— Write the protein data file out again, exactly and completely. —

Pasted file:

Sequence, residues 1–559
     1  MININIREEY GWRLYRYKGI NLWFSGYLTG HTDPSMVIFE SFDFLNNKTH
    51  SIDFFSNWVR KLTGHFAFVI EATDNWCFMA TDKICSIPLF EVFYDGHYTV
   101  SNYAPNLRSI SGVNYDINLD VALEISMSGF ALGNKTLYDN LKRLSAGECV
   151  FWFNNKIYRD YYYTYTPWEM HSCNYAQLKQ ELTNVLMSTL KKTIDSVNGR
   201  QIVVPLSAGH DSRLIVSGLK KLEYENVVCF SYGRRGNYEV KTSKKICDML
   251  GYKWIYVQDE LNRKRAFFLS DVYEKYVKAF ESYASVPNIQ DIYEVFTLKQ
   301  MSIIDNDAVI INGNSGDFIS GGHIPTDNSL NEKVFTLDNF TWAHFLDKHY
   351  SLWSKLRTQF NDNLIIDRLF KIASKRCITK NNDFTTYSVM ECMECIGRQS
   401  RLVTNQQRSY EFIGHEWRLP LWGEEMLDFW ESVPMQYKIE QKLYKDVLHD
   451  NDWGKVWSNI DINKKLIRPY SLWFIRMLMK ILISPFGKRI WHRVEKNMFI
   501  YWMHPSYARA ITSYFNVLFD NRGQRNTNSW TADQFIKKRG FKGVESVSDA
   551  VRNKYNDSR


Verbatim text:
Sequence, residues 1–559
     1  MININIREEY GWRLYRYKGI NLWFSGYLTG HTDPSMVIFE SFDFLNNKTH
    51  SIDFFSNWVR KLTGHFAFVI EATDNWCFMA TDKICSIPLF EVFYDGHYTV
   101  SNYAPNLRSI SGVNYDINLD VALEISMSGF ALGNKTLYDN LKRLSAGECV
   151  FWFNNKIYRD YYYTYTPWEM HSCNYAQLKQ ELTNVLMSTL KKTIDSVNGR
   201  QIVVPLSAGH DSRLIVSGLK KLEYENVVCF SYGRRGNYEV KTSKKICDML
   251  GYKWIYVQDE LNRKRAFFLS DVYEKYVKAF ESYASVPNIQ DIYEVFTLKQ
   301  MSIIDNDAVI INGNSGDFIS GGHIPTDNSL NEKVFTLDNF TWAHFLDKHY
   351  SLWSKLRTQF NDNLIIDRLF KIASKRCITK NNDFTTYSVM ECMECIGRQS
   401  RLVTNQQRSY EFIGHEWRLP LWGEEMLDFW ESVPMQYKIE QKLYKDVLHD
   451  NDWGKVWSNI DINKKLIRPY SLWFIRMLMK ILISPFGKRI WHRVEKNMFI
   501  YWMHPSYARA ITSYFNVLFD NRGQRNTNSW TADQFIKKRG FKGVESVSDA
   551  VRNKYNDSR